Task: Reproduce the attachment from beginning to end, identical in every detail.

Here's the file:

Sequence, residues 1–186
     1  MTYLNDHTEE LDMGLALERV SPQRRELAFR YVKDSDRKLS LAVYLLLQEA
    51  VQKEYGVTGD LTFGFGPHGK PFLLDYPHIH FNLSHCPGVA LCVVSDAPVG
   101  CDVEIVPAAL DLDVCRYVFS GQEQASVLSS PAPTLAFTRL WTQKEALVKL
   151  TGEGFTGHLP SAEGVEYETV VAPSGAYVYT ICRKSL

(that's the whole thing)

Sequence, residues 1–186
     1  MTYLNDHTEE LDMGLALERV SPQRRELAFR YVKDSDRKLS LAVYLLLQEA
    51  VQKEYGVTGD LTFGFGPHGK PFLLDYPHIH FNLSHCPGVA LCVVSDAPVG
   101  CDVEIVPAAL DLDVCRYVFS GQEQASVLSS PAPTLAFTRL WTQKEALVKL
   151  TGEGFTGHLP SAEGVEYETV VAPSGAYVYT ICRKSL